Tens of thousands of people lined the route of Muhammad Ali's funeral procession as the black hearse carrying "The Greatest" passed through his hometown of Louisville in Kentucky towards his final resting place.
The boxing legend, political activist and humanitarian heavyweight, born Cassius Clay on January 17th, 1942, died last week at the age of 74. His funeral cortege passed Louisville landmarks from Ali’s life following the same route as the parade took to honour the fighter’s Olympic boxing gold medal win in 1960.
As Ali’s remains approached the small pink house at 3302 Grand Avenue, his boyhood home in Louisville’s West End, the crowd chanted “Ah-li! Ah-li! Ah-li!”
The crowd fell silent as the car stopped and the people surged forward to touch the flower-strewn hearse and the hand of Hollywood actor Will Smith, one of Ali's pallbearers who played him in the 2001 film biopic. Former boxing champions Lennox Lewis and Mike Tyson were among the other pallbearers.
The procession, running 90 minutes late, eventually made it to a private burial service attended by Ali’s family and friends at Cave Hill Cemetery in Louisville.
Afterwards,the life of one of the most famous people in the world was celebrated at a public memorial service at the KFC-Yum! Centre in downtown Louisville. About 15,000 people attended the interfaith service for the most famous Muslim American. Free tickets for the event went within 30 minutes.
The audience cheered hard and chanted “Ah-li! Ah-li! Ah-li!” after the first shout-out to the greatest son of Louisville, “the home of the people’s champ.”
Speaker after speaker praised not just Ali’s great sporting achievements but his heavyweight political advocacy, his deep humanity and his heart-swelling compassion for the oppressed and those at the margins of society.
"Before James Brown said, 'I'm black and I'm proud,' Muhammad Ali said, 'I'm black and I'm pretty,'" said pastor Dr Kevin Cosby, president of Kentucky's Simmons College, praising Ali for empowering African-Americans and the civil rights struggle.
Speakers at the memorial service included former US president Bill Clinton and comedian Billy Crystal. Among the luminaries were former California governor Arnold Schwarzenegger and one-time Afghan president Hamid Karzai.
Speaking words written by President Barack Obama, who could not attend, his senior adviser Valerie Jarrett told mourners: "The world flocked to him in wonder precisely because, as he once put it, Muhammad Ali was America – brash, defiant, pioneering, joyful, never tired, always game to test the odds."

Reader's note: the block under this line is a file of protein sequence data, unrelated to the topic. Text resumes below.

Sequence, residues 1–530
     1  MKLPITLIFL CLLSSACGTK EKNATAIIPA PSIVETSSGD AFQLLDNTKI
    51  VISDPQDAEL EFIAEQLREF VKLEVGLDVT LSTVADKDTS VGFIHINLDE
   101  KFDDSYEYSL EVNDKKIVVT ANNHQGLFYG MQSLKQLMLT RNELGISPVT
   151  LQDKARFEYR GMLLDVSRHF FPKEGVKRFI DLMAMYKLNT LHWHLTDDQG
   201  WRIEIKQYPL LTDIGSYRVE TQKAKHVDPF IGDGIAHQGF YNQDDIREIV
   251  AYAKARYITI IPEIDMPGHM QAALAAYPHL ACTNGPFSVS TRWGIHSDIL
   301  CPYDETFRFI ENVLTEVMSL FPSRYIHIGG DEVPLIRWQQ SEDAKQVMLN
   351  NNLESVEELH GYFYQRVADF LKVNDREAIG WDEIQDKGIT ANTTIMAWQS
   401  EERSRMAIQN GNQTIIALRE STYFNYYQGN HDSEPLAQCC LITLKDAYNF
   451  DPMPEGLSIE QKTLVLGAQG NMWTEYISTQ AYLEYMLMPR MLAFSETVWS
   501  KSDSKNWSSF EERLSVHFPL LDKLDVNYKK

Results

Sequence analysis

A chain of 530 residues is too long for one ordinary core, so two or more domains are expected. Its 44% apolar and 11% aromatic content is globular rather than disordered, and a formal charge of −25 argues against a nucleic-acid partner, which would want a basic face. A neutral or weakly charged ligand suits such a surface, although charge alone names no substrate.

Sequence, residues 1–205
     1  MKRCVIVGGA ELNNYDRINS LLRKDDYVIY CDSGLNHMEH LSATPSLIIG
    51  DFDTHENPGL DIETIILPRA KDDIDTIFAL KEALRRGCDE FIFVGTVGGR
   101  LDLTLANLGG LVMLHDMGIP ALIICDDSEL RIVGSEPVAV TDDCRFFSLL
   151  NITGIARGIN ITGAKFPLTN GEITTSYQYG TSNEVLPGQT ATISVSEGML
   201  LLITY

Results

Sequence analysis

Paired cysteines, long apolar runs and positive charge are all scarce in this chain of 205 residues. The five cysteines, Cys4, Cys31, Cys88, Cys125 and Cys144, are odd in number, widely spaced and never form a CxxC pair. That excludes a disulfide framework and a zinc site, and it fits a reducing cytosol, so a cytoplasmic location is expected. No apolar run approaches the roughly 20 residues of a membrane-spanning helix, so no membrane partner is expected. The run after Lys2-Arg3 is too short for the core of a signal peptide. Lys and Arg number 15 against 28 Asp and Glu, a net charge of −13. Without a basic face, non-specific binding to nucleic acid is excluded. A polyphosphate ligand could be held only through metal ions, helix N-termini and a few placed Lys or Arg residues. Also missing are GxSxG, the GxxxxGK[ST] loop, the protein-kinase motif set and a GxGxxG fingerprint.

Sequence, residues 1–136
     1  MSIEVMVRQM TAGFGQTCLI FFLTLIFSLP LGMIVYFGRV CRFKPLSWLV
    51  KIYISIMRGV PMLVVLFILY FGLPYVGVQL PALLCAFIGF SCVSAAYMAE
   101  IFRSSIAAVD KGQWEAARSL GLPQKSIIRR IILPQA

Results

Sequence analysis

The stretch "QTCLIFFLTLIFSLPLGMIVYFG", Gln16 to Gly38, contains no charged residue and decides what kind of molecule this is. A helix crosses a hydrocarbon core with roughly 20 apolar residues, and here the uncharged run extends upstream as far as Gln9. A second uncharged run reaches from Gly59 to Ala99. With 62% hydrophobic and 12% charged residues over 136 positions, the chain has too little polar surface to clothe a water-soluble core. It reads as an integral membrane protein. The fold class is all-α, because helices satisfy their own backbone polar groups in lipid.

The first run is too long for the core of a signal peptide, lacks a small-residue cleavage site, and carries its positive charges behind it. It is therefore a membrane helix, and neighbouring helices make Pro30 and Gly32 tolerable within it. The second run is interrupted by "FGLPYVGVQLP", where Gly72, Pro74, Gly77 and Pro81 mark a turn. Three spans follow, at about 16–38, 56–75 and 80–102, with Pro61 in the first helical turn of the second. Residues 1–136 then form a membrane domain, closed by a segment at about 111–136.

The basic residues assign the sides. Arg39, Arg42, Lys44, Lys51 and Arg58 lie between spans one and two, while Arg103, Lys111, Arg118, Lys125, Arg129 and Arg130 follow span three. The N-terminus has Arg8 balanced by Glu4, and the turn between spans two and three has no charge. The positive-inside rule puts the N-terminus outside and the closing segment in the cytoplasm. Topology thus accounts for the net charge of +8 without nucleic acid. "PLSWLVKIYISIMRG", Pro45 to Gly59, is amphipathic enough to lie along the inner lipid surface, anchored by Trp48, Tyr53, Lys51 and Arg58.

Ali’s widow Lonnie told mourners that her husband wanted his death to be a moment of teaching to the world, about never giving up and about peace.
“He wanted us to remind people who are suffering that he had seen the face of injustice, that he grew up in segregation and that in his early life he was not free to be who he wanted to be but he never became embittered enough to quit or engage in violence,” she said.
Fans of the boxer travelled from as far away as Malaysia and the UK to say goodbye to their hero.
“Ali never worked for geography; Ali worked for history,” said Afghan-American Atta Amin (56), clutching treasured photographs of a visit he paid to Ali in Louisville last year and the boxer’s support for his charity empowering young Afghan men.
Legendary boxing promoter Don King told The Irish Times that Ali was "so great at and famous for" reaching out and touching people of the world, not least because of the famous fights against George Foreman and Joe Frazier he staged in the 1970s.
Fans came from Ireland too. "He shook the imagination of the people of Ennis and Clare," said acting mayor of Ennis, Pat Daly, who travelled to pay the county's respects to the man who drew 30,000 people to Ennis on a visit in 2009. The boxer accepted the Freedom of Ennis as the great-grandson of Co Clare emigrant Abe Grady.
Clare was not the only Irish county represented. "I took a mad notion Saturday night," said Liam Walsh, a two-time All-Ireland hurling winner for Kilkenny, explaining how he decided in his local pub back in Glenmore to travel to Ali's funeral.
He had not slept since Tuesday, having flown to the US and driven to Louisville with his friend, Joe O'Shea, from New York. O'Shea had a treasured photograph of himself and Ali taken during a chance encounter on a Manhattan street.
“The things Ali would say and then do them. Jeez, if a hurler turned around said, ‘we’ll win tomorrow.’
“My God almighty just think of the furore,” said Walsh.